1 Corinthians 12:22-26
Indeed, the parts of the body that seem to be weaker are all the more necessary, and those parts of the body that we consider less honorable we surround with greater honor, and our less presentable parts are treated with greater propriety, whereas our more presentable parts do not need this. …. If one part suffers, all the parts suffer with it; if one part is honored, all the parts share its joy.
When I was a sophomore at The Catholic University of America, I distinctly remember a conversation I had with one of my peers about the Church’s constant focus on the family.
It went something like, “We get it, babies are good and contraception is bad, it’s Adam and Eve not Adam and Steve. I wish the Church would move on to talk about something a little more important.”
I’ve kept his sentiment in the back of my mind during my theological studies and pastoral work, wondering whether or not his claim had merit. I’d wonder, are we Catholics so caught up in family and sexuality (evidence of a psychological suppression or societal oppression) that we’re ignoring bigger issues? Should we focus that pastoral and theological energy somewhere else?
From my few years of experience, I have to say that defense of the family is some of the most important social work that the Church can do. It is some of the most pro-life work that the Church can do.
When we defend family life, we stand up for love, responsibility, commitment, and endurance. When we defend family life, we acknowledge that it is better to go outside of oneself to provide for another than it is to remain insulated and self-interested. When we defend family life, we actually stand up for society, since society depends on the family (a mini-society) to grow. St. Pope John Paul II called the family “the cell of society”—the smallest building block of a larger being. And, therefore, society has a responsibility to the family. He says,
“Since the Creator of all things has established (marriage) as the beginning and basis of human society, the family is the first and vital cell of society. The family and society have complementary functions in defending and fostering the good of each and every human being. But society--more specifically the State--must recognize that the family is a society in its own original right and so society is under a grave obligation in its relations with the family to adhere to the principle of subsidiarity.” (FYI - The principle of subsidiarity is a guideline in Catholic thought that says politics and individuals ought to operate at the least centralized point. It was developed in the late 1800s to be a “middle way” between laissez-faire capitalism and various forms of communism.)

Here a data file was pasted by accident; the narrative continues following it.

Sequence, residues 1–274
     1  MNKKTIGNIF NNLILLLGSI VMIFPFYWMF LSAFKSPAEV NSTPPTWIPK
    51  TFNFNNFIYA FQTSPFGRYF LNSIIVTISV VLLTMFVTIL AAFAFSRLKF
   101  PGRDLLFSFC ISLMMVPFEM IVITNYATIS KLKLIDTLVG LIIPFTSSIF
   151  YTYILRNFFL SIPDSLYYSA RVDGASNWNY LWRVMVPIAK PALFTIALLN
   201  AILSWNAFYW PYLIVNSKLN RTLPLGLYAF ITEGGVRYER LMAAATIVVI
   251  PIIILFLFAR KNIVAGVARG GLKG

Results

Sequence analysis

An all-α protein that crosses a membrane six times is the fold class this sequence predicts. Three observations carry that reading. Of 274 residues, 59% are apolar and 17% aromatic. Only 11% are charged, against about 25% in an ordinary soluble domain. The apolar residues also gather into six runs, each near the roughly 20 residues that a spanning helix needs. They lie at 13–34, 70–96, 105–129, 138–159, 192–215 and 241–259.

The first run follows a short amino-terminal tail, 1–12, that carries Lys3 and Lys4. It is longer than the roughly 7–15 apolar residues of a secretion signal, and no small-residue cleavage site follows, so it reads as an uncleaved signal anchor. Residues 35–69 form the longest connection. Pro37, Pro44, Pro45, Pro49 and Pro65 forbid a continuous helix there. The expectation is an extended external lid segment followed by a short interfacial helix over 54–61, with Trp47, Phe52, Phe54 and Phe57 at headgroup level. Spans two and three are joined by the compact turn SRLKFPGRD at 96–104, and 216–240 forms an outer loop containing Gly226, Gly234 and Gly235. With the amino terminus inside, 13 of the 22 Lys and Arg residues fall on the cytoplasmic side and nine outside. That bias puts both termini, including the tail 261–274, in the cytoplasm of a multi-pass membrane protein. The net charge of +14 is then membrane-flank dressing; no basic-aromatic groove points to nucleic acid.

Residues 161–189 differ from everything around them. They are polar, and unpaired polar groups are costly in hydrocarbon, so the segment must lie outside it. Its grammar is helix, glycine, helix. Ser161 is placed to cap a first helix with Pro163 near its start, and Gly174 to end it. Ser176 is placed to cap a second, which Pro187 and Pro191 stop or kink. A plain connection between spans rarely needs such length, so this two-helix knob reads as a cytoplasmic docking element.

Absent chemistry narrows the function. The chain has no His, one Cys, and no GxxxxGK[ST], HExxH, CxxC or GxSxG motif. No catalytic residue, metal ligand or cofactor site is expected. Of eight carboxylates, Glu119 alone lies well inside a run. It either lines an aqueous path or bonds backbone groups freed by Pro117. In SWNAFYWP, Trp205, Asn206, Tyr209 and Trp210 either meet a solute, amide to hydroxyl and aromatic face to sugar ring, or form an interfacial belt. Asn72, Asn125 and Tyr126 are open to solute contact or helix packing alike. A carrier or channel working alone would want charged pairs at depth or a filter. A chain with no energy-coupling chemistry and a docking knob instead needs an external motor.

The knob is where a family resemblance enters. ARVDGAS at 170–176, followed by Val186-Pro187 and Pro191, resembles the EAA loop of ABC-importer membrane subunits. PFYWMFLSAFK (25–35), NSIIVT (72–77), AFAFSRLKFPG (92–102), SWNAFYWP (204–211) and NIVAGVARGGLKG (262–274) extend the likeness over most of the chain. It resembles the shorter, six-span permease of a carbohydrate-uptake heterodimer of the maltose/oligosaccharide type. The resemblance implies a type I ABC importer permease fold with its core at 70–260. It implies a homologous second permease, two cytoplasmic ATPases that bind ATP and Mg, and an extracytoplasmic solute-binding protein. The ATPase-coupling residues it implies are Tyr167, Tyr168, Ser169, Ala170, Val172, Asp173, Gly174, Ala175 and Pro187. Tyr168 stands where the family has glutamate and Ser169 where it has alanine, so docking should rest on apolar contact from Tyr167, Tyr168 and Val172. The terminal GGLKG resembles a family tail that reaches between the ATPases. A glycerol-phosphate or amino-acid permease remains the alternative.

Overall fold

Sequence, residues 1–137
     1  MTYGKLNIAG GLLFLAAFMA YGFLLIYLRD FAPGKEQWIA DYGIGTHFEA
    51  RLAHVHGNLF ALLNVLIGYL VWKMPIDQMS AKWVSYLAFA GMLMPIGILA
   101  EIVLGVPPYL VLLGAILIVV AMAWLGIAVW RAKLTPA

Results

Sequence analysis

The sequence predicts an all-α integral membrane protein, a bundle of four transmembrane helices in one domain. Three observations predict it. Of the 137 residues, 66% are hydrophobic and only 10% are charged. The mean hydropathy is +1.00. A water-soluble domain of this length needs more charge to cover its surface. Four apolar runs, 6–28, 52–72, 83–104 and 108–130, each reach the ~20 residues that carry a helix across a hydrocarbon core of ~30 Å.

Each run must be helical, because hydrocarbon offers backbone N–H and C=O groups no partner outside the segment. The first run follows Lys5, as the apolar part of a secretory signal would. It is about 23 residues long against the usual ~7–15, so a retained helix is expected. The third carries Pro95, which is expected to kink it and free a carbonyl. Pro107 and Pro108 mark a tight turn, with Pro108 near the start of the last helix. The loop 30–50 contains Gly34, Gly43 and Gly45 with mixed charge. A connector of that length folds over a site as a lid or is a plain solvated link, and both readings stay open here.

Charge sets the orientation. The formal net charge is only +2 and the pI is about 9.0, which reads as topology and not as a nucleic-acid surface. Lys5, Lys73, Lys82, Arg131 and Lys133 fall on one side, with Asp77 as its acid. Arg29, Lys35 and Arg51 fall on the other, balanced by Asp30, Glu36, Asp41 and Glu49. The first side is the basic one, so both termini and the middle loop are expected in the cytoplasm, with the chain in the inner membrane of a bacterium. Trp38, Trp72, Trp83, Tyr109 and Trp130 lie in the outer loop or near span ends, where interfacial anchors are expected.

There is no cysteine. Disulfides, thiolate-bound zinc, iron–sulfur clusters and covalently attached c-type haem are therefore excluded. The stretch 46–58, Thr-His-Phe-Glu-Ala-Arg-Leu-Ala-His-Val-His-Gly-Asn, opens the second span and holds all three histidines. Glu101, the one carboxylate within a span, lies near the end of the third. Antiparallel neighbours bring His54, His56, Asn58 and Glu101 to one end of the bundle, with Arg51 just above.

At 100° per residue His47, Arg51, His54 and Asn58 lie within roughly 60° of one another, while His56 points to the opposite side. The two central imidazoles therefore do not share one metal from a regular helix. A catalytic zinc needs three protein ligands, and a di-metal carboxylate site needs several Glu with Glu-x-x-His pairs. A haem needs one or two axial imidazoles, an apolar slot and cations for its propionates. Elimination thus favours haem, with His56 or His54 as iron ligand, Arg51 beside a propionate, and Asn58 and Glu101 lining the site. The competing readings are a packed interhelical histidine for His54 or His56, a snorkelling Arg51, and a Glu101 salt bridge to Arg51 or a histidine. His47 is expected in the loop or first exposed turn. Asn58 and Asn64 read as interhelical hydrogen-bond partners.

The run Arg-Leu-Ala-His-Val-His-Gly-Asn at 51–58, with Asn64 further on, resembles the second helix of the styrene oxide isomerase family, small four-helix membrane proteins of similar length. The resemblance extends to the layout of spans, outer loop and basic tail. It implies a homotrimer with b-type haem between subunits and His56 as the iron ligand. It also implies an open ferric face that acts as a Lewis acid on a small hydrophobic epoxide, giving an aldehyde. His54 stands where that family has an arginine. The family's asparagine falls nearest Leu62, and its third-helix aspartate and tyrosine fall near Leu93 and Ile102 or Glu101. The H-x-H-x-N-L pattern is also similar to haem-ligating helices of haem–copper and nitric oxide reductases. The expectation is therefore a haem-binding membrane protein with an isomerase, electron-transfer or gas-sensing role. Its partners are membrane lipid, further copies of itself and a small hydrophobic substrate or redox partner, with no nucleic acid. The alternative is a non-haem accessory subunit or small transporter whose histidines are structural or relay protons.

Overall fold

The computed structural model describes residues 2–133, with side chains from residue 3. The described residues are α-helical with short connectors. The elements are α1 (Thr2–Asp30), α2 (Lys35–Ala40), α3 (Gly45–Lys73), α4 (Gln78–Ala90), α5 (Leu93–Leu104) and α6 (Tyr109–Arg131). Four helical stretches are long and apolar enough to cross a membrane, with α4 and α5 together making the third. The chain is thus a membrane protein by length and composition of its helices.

Society should be pro-family because the family is a society and builds up a society.
If we can agree that it’s in society’s best interest to preserve and encourage healthy family life, then I think the current family separation issue at our Southern Border should disturb our Catholic, pro-life, pro-family consciences. These are people crossing the border, by the way, whether we call them immigrants or refugees. And we are part of the same Body.
I am not articulate when it comes to all the political nuance of immigration law, but I would consider myself articulate when it comes to the Catholic Church’s pro-life defense of the family. Party politics aside, nearly 2,000 children have been separated from their families in the last two months. That’s a fact no one is disputing. I understand certain laws exist, but Augustine would say “An unjust law is no law at all.” If the current laws make it unjustly difficult for someone to change their life, we need to re-examine our laws.
The Chair of the United States Catholic Bishops, along with Austin’s own Bishop Joe Vazquez, has spoken out against the current border policy:
I [Cardinal DiNardo] join Bishop Joe Vásquez, Chairman of USCCB's Committee on Migration, in condemning the continued use of family separation at the U.S./Mexico border as an implementation of the Administration's zero-tolerance policy. Our government has the discretion in our laws to ensure that young children are not separated from their parents and exposed to irreparable harm and trauma. Families are the foundational element of our society and they must be able to stay together. While protecting our borders is important, we can and must do better as a government, and as a society, to find other ways to ensure that safety. Separating babies from their mothers is not the answer and is immoral.
We’ve got to figure out a way to become a sovereign nation that also has the family’s best interest in mind. From abortion to contraception coverage on your insurance, from adoption law to separating families at the border, the Church will continue to stand up for the family in every circumstance. You and I must find ways to stand up for the weaker, more defenseless parts of the Body and honor the Spirit of God that dwells in each and every person. It’s some of the Church’s most important social work.